When a Finch is Not a Finch
If you come to Costa Rica, count on eventually becoming attracted to the beautiful birds here. With over 900 to see, it can become a serious hobby. As a photographer first, I developed my love for birds here. There is just one problem that irks me: I hate bird names!
The major reason for bird name confusion in the “New World” dates back to European immigrants, mostly British, who basically invented birdwatching. Each new bird discovered in the Americas was named for the way it appeared to these birdwatchers, with reference to familiar European birds. Then after quickly running out of these common names, they turned to obscure homonyms and multiple names to describe the same bird.
Take the tody-flycatcher, for example. What is tody? Where did that come from? “Tody,” if you look it up, is Middle English for small. So why not name this bird the small flycatcher? And Middle English?
What about the plumbeous kite and semi-plumbeous hawk? Plumbeous is Latin for grey. (The word “plumber” also originates with the grey color of lead water pipes from Roman times.) So why not just call it a gray hawk? Well, because that name was already taken by the so-called gray hawk species.
And don’t even get me started on the scarlet and hepatic tanagers! Both are red. Blood red tanager — seriously?
My newest and favorite bird name pet peeve — in fact the real topic of this article — is the finch.
Most people from North America or Europe are familiar with the little birds that are finches. The Europeans, including Charles Darwin, started giving the name to little birds that looked like finches to them. The most famous are the “Darwin finches” he described as part of his Origin of Species.
We were recently lucky to travel to Cocos Island to see the Cocos finch, one of the Darwin finches. The male is a nondescript little black bird that does not really look like a finch, nor does it behave like a finch. It looks more like a sparrow, and feeds in a similar way to a really interesting bird in the upper elevations of Costa Rica — the slaty flowerpiercer. Thankfully, this bird is correctly named for its feeding habit of ripping open the bottom of flowers to feed on the nectar and insects.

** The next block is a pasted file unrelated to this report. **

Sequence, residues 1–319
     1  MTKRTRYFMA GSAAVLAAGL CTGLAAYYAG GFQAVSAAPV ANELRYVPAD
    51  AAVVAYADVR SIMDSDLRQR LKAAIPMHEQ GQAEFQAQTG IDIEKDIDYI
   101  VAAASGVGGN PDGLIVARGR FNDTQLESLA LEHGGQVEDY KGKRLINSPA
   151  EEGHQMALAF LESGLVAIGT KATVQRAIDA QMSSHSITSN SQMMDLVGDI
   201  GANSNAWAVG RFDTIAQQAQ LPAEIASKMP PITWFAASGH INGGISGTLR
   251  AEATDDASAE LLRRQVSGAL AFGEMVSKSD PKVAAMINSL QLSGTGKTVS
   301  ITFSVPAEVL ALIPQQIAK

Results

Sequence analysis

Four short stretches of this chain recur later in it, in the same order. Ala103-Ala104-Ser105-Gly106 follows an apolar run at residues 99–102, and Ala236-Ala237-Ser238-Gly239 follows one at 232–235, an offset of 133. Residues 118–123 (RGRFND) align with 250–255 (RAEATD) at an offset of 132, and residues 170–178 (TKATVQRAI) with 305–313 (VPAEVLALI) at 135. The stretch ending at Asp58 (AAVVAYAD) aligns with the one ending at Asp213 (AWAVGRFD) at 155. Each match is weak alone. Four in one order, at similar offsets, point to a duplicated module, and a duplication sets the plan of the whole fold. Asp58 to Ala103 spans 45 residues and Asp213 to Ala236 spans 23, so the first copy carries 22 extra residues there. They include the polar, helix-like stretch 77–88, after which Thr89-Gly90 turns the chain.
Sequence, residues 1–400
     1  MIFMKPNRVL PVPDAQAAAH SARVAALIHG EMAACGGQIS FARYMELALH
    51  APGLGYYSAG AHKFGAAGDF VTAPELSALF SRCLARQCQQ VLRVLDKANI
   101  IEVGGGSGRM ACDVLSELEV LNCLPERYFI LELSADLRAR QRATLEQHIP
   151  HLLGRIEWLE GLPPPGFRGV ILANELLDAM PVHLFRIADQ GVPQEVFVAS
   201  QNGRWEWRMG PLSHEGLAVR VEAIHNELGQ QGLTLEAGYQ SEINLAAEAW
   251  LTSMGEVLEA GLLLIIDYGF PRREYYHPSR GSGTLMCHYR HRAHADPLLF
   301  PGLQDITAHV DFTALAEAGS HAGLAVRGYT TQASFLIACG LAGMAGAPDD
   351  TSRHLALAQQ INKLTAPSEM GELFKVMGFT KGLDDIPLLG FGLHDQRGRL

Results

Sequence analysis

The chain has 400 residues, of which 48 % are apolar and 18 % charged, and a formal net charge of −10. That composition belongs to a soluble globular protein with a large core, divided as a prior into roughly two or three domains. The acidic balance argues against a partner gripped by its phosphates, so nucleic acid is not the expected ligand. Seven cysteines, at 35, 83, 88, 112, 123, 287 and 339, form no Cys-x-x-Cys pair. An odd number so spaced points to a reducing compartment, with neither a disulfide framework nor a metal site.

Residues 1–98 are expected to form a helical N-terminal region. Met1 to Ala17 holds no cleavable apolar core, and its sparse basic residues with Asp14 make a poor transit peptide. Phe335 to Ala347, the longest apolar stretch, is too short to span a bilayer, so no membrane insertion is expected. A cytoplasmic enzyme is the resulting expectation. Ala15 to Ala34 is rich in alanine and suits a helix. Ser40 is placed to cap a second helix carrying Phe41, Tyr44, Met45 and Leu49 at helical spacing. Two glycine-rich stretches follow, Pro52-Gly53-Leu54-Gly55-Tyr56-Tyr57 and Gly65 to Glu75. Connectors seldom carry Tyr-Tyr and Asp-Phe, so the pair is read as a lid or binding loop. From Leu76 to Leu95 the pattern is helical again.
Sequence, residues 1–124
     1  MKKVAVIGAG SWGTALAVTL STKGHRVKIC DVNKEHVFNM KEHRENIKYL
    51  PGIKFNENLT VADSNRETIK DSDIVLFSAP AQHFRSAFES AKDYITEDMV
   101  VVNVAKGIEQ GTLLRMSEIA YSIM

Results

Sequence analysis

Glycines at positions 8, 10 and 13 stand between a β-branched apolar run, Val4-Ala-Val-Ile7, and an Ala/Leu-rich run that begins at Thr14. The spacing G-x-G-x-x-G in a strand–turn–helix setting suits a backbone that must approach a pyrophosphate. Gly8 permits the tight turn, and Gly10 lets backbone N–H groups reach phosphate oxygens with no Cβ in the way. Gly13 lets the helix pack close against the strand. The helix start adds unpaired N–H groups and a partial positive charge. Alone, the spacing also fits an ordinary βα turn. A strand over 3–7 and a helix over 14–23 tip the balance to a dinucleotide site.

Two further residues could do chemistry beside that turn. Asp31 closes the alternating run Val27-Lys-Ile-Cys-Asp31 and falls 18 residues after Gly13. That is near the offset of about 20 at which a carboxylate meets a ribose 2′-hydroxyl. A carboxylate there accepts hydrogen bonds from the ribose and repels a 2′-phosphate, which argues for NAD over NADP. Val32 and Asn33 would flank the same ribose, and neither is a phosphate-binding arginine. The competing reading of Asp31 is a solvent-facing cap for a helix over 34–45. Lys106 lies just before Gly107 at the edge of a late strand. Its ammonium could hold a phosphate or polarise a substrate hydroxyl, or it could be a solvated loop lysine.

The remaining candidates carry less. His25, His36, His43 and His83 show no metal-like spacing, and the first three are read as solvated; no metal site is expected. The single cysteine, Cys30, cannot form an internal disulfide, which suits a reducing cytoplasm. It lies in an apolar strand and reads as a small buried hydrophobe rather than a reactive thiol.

There are other birds named finches here in Costa Rica. Among them are the large-footed finch (he actually has big feet) and the yellow-thighed finch (they actually have yellow-thighs).
There is one problem, however: none of these birds are real finches!
DNA studies have totally upended the bird world, and many birds are not what they seem. It turns out that the Cocos finch does belong in the same bird family as the slaty flowerpiercer, along with the large-footed and yellow-thighed finches. But they are tanagers, not finches. It turns out Darwin, and others, had been wrong in calling them finches.
Right bird, different name
So are there any real finches here in Costa Rica? Yes, there are! They are just not called finches. They are members of the euphonia family. Euphonia means “clear sound,” describing their calls.
The euphonia species in Costa Rica include some wonderfully beautiful and colorful birds. Many of them are a combination of blue and yellow, distinguished by the location and amount of blue or yellow on their heads and throats. Two totally spectacular examples are the elegant euphonia, found mostly on the Pacific side of the country, and the tawny-capped on the Caribbean side.
A second group of birds in the same finch family is called chlorophonia. The golden-browed chlorophonia is an amazingly beautiful little bird found in the upper elevations of Costa Rica; it is a wonder to see.
So, if you see something called a finch in Costa Rica, chances are it is not a finch. But if you come across any birds with a euphonia or chlorophonia name, they are finches.
Confused? That’s understandable, which is why I try to ignore some of the silly bird names. Just enjoy the beauty of these special birds and so many others you can see here in Costa Rica.